To end, I have to go back to our beginning.  Well, the beginning of an end to some regards.  We’ve been enjoying many of our social networking sites in the comfort of the audience with which we grew.  For Twitter, that was somewhat of a niche audience focused in technology and social media.  Now, as people from all walks of our lives begin signing on and joining in, the question becomes, “What do we do as our worlds collide?”  Thank you, George Costanza for that classic episode.  As Matt said in the comments, he’s long wondered what he will do when his parents join Facebook.  That’s how I really meant to end this post.  How will our expectations and experiences change with social networks as they begin to aggregate people from all areas of our lives in one location?  I remember what George said.

Thanks tVanderlin for the Flickr image.


  1. Dan Stucke
    March 27, 2009

    As I said at the time, I’m undecided on the idea of a professional / personal twitter account. It’s a really tough call, and I agree wholeheartedly that a little twitter inanity is a good thing!

    I think I’ll keep Facebook wholly for friends and Twitter mainly for work, if my non-educational friends can put up with my Twitter feed then fair play to them!

  2. Thomas Sheppard
    March 27, 2009

    No, I would not stop following you if you tweeted more of your personal life. You raise a good question though. What reasons would lead me to unfollow someone in twitter? I did tweet once that I would unfollow anybody that kept cursing, were sexually inappropriate or kept talking about who they hooked up with. But I think it is a matter of moderation. If you talked about what you had for lunch all the time and nothing else I might. But if you are tweeting things I find interesting then I would keep following you anyway (except for the above mentioned).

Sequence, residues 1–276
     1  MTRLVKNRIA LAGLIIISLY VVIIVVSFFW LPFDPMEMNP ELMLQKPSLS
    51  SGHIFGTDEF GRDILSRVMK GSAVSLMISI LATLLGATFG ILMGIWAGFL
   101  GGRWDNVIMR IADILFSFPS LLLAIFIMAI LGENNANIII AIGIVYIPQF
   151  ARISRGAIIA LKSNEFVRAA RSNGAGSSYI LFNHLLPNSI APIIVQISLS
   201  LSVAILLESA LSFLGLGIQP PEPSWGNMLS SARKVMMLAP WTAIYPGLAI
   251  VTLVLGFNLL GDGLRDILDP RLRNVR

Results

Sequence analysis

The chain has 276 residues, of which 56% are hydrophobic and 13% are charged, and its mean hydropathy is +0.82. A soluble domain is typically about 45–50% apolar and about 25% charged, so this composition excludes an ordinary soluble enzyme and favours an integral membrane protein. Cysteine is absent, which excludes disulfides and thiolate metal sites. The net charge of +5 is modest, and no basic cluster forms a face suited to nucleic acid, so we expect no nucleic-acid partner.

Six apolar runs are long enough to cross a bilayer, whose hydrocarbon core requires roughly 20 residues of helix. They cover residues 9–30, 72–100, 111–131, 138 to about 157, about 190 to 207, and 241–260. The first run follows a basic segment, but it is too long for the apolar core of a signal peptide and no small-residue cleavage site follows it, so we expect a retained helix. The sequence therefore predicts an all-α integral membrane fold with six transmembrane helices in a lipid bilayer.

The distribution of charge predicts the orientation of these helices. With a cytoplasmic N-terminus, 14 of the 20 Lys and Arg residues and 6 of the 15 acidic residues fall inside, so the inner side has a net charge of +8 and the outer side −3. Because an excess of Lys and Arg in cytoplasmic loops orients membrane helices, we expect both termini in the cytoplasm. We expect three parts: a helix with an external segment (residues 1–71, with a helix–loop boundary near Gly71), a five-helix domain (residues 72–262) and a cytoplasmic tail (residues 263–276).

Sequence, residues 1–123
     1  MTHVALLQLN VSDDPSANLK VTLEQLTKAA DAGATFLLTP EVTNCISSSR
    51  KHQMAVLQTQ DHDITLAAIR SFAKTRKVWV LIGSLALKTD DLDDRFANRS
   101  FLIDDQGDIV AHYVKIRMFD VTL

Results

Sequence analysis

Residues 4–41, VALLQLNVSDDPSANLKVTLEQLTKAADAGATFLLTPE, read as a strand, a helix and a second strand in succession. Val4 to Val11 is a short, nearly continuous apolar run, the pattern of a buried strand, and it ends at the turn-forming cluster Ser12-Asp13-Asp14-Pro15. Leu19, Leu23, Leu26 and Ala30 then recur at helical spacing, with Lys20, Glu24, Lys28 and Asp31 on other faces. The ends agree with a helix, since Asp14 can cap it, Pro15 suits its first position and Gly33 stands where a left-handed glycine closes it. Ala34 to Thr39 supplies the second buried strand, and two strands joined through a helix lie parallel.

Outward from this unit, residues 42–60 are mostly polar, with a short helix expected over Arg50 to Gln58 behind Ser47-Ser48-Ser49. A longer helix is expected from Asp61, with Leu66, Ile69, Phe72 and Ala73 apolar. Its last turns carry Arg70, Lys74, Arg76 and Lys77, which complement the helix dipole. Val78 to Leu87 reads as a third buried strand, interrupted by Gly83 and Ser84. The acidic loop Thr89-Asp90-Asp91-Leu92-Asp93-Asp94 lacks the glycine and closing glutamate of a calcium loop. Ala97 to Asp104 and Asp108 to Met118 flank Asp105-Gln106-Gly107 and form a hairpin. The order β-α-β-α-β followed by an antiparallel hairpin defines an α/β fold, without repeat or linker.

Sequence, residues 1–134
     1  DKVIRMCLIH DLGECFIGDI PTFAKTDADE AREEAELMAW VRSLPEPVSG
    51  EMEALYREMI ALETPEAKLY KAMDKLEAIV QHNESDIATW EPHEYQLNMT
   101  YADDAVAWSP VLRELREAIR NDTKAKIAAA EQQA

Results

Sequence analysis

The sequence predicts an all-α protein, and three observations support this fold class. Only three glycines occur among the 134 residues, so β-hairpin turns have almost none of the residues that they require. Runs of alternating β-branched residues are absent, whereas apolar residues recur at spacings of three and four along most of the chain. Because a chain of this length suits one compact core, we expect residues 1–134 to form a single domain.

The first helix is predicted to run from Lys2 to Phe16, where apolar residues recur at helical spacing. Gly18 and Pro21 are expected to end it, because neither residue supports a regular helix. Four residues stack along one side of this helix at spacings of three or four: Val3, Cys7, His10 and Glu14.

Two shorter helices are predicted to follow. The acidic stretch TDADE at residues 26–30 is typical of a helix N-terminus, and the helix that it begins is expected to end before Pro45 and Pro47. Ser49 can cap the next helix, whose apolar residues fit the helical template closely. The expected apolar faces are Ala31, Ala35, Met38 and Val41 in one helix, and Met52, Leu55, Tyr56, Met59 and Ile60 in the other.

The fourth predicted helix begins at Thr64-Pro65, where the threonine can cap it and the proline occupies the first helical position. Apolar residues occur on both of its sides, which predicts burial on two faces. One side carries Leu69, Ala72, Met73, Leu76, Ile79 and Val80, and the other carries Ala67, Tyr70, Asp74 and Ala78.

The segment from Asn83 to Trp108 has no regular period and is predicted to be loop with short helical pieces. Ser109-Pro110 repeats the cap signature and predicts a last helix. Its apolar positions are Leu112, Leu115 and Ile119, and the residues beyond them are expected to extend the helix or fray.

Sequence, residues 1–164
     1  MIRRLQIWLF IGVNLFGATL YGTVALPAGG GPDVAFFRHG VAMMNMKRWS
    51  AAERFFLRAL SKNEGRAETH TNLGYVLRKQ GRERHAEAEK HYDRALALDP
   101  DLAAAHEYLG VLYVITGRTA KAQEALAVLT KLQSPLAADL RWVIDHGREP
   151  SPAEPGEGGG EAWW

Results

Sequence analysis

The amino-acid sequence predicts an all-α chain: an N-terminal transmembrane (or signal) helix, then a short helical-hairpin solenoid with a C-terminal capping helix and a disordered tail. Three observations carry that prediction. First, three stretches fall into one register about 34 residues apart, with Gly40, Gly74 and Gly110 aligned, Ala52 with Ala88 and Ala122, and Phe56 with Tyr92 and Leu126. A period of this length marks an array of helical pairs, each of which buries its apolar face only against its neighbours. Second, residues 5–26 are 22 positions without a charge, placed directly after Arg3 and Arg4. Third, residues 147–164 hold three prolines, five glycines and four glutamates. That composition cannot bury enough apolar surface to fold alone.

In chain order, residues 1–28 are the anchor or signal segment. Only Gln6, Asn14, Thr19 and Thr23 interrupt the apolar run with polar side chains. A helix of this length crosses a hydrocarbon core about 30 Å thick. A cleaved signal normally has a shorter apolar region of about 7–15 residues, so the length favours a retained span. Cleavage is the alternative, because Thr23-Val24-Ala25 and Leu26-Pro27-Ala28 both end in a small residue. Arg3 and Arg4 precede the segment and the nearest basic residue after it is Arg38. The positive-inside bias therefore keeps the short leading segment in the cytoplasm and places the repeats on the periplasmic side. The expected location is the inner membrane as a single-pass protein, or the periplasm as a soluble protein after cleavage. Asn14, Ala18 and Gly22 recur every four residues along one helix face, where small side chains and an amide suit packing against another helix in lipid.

I thought your tweet from church was hilarious and being a fellow Christian I appreciated the situation. I’m trying to sort the tweets I get and it is getting harder as my network grows but Tweetdeck groups is helping with that (though not perfect).

  3. Kelly Hines
    March 27, 2009

    It is interesting that you bring this up. I don’t have a problem with tweeting from church, and I certainly wouldn’t unfollow someone for this reason. I also wouldn’t unfollow someone who shared other tidbits of their personal life (I mean, I still follow Jon even though he’s a Duke fan). Instead, I consider how a person is adding value to my life – especially within the framework that I specifically use Twitter (professional and personal learning). Since you definitely add value to my PLN, you are stuck with me!